Money that folds In general, all paper money. [Thanks to Tom Mathias]
Joes Thrupenny bit (3p) [Thanks to Toad]
Round Money Generally, coins [Thanks to Edward Williams]
Ten Bob Bit The new 50p coin [Thanks to Steve Bonnage]
Gorilla (Grilla) £1000 [According to Russell Holden, it's called this because it's two monkeys]
Brownie I understand that Ten Shillings (50p) - (Ten Bob) was a 'Brownie' because the old ten shilling note was coloured brown [Thanks to Geoff Richards-Bray]
Cherry £1 - In the '60s I was a craps dealer in London gambling clubs. Cockney 'cabbies' would play at our table, and call bets before the dice rolled. One night one of them handed me a 'fiver' with the words:" A 'Cherry' on the line mate!" I asked what he meant, and he quickly explained that he wanted £1.00 out of the fiver on the 'Win Line' 'Cherry' is short for 'Cherry Picker' which rhymes with 'nicker' which = £1.00! [Thanks to Tony Pirkis]
Groat four pence [There's lots of information at http://www.tclayton.demon.co.uk/fourd.html [Thanks to Nigel Lines]
Point £1 billion [Mark says this is used in the B of E and the European money markets - never really come up in my day to day]
Large £1000 [Thanks to Benjamin Rumble]
Rio £1000 [Thanks to Paul Page who says it comes from the Rio Grande River]
Pinky £50 [Thanks to Scott Hobson. If anyone know the origin of this please let me know.]
Tosheroon Half crown [Thanks to Sue Allen who read this in Sidney Day's London Born]
I was being asked very often where the terms "monkey" and "pony" came from. I've received the following which hopefully clears this question up.

Stephen Cheshire has provided the following: With reference to a 'monkey' for £500. I was once told that it came from soldiers returning from India where the 500 rupee note had a picture of a monkey on it. They used the term monkey for 500 rupees and on returning to England the saying was converted for sterling to mean £500.

This has been confirmed by Jason Beckett who also believes that the 25 rupee note had a picture of a pony on it.

Mathew Jackson confirms this.

Ian Crossley says: Pony comes from the time when five pound notes were white and the cost of horses or ponies and the wedding carriage and the main expenses was approx £25. People used to say "I'll pay for the pony in white", referring to the colour of the money and the wedding. Therefore five white fivers became a pony roughly the cost of a wedding.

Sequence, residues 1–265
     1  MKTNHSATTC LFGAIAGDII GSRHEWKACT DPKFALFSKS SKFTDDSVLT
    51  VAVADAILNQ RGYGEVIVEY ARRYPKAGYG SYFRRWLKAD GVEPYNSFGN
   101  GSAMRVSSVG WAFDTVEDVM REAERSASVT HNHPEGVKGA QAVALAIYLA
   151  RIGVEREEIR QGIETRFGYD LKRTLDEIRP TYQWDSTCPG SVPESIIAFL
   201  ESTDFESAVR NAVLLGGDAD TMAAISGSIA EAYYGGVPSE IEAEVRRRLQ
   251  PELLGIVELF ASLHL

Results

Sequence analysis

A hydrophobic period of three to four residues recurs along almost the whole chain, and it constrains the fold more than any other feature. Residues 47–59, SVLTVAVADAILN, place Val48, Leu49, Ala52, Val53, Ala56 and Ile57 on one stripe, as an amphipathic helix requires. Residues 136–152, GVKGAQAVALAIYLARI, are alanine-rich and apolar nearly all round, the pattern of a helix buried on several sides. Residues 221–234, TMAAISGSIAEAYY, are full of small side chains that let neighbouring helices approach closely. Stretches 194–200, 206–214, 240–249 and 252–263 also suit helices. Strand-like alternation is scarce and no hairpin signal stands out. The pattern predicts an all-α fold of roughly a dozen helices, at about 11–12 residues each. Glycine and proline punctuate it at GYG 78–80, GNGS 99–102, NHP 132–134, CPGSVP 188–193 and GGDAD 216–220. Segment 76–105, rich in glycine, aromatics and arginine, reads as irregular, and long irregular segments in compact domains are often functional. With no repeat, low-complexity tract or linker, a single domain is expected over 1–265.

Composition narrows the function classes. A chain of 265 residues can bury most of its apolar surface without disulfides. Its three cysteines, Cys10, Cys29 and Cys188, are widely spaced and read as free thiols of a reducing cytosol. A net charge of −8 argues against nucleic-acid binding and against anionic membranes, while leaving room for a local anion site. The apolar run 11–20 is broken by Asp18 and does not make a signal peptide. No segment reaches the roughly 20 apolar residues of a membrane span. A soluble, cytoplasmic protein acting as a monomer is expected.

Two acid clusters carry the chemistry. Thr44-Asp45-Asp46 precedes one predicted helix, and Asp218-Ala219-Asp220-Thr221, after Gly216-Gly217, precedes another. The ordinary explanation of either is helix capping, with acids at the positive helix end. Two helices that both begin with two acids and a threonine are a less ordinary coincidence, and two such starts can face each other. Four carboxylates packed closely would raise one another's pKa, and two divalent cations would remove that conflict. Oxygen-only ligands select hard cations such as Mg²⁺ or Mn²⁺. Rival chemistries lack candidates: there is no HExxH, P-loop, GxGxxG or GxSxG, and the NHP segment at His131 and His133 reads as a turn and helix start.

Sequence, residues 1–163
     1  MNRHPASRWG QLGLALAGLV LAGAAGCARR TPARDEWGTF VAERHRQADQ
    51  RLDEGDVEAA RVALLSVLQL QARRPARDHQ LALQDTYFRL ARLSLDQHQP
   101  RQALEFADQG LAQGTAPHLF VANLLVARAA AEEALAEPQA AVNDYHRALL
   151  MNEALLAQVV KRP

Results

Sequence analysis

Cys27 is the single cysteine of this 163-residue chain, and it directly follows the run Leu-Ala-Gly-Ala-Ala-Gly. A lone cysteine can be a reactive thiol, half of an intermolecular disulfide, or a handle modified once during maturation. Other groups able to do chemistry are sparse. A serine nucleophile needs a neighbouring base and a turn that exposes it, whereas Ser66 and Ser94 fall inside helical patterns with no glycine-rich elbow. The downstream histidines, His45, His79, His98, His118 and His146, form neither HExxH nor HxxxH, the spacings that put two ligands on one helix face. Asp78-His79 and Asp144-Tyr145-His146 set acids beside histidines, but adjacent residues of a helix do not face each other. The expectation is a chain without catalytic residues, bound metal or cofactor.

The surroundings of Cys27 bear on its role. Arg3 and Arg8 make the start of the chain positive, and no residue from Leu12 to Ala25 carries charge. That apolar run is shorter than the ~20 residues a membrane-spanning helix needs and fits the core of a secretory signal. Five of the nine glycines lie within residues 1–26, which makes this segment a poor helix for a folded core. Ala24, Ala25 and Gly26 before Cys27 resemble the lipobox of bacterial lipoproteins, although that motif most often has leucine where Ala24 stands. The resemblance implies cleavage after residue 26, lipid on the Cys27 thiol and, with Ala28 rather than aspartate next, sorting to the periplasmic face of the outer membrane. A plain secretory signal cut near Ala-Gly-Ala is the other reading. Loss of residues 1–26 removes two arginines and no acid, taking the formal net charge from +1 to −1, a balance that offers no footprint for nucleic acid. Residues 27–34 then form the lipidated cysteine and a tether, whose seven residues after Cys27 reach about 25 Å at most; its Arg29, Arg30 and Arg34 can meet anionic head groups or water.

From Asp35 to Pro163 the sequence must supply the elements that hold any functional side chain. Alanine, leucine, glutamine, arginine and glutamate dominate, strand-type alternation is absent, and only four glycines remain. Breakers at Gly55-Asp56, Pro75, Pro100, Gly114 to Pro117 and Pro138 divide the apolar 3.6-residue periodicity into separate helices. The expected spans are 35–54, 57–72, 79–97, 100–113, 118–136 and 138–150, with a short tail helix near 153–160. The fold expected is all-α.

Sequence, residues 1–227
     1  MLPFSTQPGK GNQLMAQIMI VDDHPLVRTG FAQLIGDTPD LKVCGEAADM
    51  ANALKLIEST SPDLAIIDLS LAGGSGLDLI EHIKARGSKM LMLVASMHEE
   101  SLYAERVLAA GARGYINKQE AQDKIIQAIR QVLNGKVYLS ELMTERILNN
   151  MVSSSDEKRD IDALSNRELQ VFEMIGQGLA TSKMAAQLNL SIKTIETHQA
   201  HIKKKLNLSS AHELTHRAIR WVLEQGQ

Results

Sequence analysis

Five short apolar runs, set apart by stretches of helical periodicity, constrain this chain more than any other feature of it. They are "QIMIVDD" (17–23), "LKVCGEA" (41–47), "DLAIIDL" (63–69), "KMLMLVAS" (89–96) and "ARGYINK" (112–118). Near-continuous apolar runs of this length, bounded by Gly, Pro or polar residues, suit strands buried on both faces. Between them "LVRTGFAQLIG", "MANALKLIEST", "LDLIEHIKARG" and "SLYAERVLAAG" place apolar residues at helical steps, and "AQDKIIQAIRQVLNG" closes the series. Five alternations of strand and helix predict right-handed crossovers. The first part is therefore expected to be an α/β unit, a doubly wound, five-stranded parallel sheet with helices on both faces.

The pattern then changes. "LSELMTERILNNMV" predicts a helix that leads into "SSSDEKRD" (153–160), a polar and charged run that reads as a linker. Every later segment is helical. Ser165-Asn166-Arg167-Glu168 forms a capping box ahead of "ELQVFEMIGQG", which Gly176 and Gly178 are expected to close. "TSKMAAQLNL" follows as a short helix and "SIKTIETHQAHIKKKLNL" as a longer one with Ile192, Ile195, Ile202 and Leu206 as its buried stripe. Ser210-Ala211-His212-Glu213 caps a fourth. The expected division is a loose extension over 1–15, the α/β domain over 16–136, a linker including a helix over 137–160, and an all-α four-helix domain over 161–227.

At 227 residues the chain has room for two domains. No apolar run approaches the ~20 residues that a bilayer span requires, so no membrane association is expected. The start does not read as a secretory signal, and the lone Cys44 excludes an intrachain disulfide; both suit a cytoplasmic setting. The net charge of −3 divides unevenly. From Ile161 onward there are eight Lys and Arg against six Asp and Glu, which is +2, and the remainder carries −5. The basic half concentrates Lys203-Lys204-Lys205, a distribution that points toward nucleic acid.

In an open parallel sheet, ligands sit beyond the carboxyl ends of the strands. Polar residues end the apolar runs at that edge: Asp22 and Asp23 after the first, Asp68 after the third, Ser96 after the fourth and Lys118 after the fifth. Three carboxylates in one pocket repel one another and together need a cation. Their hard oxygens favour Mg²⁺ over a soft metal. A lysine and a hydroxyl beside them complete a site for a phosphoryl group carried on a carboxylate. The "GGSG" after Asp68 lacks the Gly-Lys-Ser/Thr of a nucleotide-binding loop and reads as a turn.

On the other hand, Henry Charles believes the references come from diamond mining , where a monkey means 50 carats and pony 100 carats, modified to mean £50 and £100 respectively.


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PostPosted: Fri October 8th, 2010, 09:37 GMT 
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I have the only thing money can't buy - poverty.


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PostPosted: Fri October 8th, 2010, 10:08 GMT 
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Don't worry. Having money only makes being miserable more comfortable.


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PostPosted: Fri October 8th, 2010, 11:55 GMT 
Bennyboy wrote:
I have the only thing money can't buy - poverty.
How can you be in poverty? I gave you a ton and a deep sea dead Brazilian only earlier this week...


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PostPosted: Fri October 8th, 2010, 12:50 GMT 
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Lars1966 wrote:
Bennyboy wrote:
I have the only thing money can't buy - poverty.
How can you be in poverty? I gave you a ton and a deep sea dead Brazilian only earlier this week...


Oh yeah me old china, so you did. But have you seen the price of sarnies in central London? My local Eat and Pret only accept platinum Amex.....


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PostPosted: Fri October 8th, 2010, 16:06 GMT 

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No-one seems to ask/know. What if you have the Sundazed editions? Will it be worthwhile getting these mono CDs or wait for Sony to come out with vinyl? Also, very good needledrops of the Sundazed have been circulated. Will these be any better. (This is only subjective)
I'm only waiting for the price to drop to something nearer reality.


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PostPosted: Fri October 8th, 2010, 18:32 GMT 
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stephenoxford wrote:
SquareTotemPole wrote:
Dare I ask what a wonga is?

Cockney rhyming slang for something like money?



Wonga (although it's origin is New Zealand), spondoolicks, folding, AND:

bob shilling [A bob was a money collection where participants put in a shilling each, usually for drinks. The expression then arose "to get your two bob's worth" which meant something was very good value, Aussies being fond of the occasional ale.
grand £1000
monkey £500
pony £25